Second, not making payments will damage your credit score. You may also have to endure telephone calls and letters from debt collectors while your debt settlement company continues to negotiate with your creditors. Also, if you get one or more debts settled for less than what you owe, the IRS may view the forgiven debt as taxable income.
Debt Management Plan
Debt management plans, or DMPs, are special arrangements between you, a credit counseling agency, and your creditors. Under this agreement, the credit counseling agency negotiates with your creditors to create a payment plan that’s more affordable for you. This typically involves a lower monthly payment, ideally due to lower interest rates.
Under the DMP, you’ll make a single monthly payment to the credit counseling agency or DMP administrator. They’ll then distribute the funds to each of your creditors. For this privilege, you’ll have to pay the credit counseling agency a modest fee each month, along with a set-up fee. In most cases, only unsecured debts are eligible for a DMP. If you enroll in a DMP, you have to be sure you can make your monthly payment. If you don’t, you could get kicked out of the plan and your interest rates may increase.
A Specialized Repayment Plan
If you want to handle your debt repayments yourself, there are two popular debt management strategies to consider. One is the debt snowball method. This works by paying off your debt with the smallest balance as quickly as possible while continuing to make the minimum payment on your other debts. After the smallest debt gets paid off, you use the extra money to pay off your next smallest debt. As you repeat this process, your debt payments will “snowball” into larger and larger amounts until all your debts get paid.
The biggest advantage of the debt snowball method is that paying off a debt gives you a psychological boost. This is important for many people as getting out of debt is as much a psychological challenge as a financial one. The biggest disadvantage of the debt snowball method is that it doesn’t prioritize high-interest debts, which can cost you more in the long term.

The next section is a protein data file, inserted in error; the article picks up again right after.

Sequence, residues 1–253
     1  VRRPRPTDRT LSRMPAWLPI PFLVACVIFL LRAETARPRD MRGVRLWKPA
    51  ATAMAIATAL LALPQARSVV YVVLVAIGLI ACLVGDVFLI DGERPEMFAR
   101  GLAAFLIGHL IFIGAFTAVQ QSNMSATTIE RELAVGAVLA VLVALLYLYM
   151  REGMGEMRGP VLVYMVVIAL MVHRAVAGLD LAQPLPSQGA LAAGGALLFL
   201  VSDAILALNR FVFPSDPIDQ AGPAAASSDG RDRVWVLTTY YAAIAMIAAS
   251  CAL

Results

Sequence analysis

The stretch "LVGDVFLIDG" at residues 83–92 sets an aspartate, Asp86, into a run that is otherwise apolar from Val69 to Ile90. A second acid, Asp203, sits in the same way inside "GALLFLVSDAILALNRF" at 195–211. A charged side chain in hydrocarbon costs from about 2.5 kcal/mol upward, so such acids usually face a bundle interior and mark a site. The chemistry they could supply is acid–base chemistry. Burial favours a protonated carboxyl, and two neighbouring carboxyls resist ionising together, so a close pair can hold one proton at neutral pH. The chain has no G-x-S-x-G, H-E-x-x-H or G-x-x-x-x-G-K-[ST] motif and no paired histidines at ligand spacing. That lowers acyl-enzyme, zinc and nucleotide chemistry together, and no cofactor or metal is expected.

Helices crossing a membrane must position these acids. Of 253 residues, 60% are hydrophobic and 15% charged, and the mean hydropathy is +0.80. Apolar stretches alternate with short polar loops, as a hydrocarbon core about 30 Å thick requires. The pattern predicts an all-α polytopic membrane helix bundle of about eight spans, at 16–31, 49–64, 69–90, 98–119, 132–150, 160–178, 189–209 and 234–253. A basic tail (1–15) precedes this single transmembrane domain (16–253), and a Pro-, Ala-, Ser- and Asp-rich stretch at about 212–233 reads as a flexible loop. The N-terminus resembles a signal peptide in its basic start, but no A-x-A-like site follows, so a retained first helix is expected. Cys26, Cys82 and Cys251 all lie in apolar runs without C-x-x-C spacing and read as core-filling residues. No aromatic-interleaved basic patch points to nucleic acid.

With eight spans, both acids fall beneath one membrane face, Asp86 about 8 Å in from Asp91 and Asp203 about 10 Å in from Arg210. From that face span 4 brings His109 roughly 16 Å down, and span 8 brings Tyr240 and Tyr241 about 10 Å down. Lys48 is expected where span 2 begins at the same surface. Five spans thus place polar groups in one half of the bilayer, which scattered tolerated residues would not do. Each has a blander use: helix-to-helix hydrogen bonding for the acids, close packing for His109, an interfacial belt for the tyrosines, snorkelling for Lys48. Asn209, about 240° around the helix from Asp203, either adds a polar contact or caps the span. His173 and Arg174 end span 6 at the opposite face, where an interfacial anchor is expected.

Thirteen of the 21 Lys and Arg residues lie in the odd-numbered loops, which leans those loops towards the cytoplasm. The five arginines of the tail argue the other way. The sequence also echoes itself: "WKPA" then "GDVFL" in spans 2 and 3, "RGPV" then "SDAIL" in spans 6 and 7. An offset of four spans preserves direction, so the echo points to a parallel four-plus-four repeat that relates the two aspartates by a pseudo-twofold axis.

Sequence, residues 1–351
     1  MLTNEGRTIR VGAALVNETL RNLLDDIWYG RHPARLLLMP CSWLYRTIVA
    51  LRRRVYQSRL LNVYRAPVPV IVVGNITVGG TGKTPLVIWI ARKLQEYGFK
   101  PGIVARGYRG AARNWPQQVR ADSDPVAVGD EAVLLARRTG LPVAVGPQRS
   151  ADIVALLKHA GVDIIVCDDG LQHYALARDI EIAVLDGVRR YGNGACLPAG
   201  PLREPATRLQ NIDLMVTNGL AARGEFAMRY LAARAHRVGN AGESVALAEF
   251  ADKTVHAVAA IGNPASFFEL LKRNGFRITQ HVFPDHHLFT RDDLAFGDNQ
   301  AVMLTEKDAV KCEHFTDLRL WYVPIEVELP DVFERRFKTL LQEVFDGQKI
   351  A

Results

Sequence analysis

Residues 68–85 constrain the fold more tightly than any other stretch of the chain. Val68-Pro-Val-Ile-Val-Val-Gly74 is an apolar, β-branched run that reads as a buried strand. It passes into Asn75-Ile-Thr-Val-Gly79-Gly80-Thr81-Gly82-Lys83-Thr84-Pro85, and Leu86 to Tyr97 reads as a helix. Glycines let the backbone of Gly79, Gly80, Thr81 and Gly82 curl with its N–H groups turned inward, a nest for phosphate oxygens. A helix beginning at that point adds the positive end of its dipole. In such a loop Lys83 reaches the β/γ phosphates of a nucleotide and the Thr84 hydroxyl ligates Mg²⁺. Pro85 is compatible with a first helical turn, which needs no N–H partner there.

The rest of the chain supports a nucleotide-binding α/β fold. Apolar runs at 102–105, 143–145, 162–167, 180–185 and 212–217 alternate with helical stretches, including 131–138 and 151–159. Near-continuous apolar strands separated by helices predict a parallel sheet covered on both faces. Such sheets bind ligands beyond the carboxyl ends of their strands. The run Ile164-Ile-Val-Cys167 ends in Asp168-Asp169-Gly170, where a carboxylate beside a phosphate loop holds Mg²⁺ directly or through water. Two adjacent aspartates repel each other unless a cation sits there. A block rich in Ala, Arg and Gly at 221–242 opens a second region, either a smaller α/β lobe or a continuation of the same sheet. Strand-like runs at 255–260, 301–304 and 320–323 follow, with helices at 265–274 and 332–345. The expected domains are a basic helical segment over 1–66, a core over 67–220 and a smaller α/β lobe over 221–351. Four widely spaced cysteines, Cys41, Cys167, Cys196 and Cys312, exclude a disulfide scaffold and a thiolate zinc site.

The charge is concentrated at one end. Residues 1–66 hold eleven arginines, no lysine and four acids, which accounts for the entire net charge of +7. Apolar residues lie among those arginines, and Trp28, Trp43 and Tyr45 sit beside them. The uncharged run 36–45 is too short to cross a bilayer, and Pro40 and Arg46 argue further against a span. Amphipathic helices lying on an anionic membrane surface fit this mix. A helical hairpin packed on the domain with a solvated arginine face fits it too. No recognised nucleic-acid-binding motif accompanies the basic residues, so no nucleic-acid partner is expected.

To address this, you can do the debt avalanche method. This approach focuses on paying off your debt with the highest interest rate first. During this time, you’ll continue making minimum payments on your other debts, no matter how large or small the balance is. Once the debt with the highest interest rate gets paid off, you pay off the debt with the next highest interest rate and so on.
The main benefit of the debt avalanche approach is that it’s more likely to save you money on interest in the long run. The biggest drawback is that it could take longer to pay off your first debt. This delayed gratification can make the debt repayment process mentally harder.
For most borrowers trying to get rid of their debts, bankruptcy is the option of last resort. You’re not only limited to how often you can use it, but it’ll have a devastating effect on your credit score and can stay on your credit report for 7-10 years.
There are two main types of consumer bankruptcy: Chapter 7 and Chapter 13. If you qualify for Chapter 7 by passing a Means Test, you can discharge the majority of your unsecured debts. Chapter 13 bankruptcy discharges your remaining debts after you pay on a 3-5 year repayment plan. One of the advantages Chapter 13 has over Chapter 7 bankruptcy is that you’re more likely to be able to keep your car or home. This is because Chapter 13 is a “reorganization” type of bankruptcy with its repayment plan.
As you can see, there are a lot of options to consider when getting out of debt. If you want additional guidance on choosing which method might be ideal for your situation, don’t forget to consider credit counseling.
There are many financial tools to help you get out of debt, including debt consolidation. This involves rolling multiple debts into a single account. By doing this, it’s easier to manage your monthly debt payments and avoid being late or missing a payment. But debt consolidation works best when you can also get an interest rate that’s lower than the debts you’re consolidating. This can help save money when paying off your debts. There are several debt consolidation methods to choose from, including a DMP, a personal loan, and a credit card balance transfer.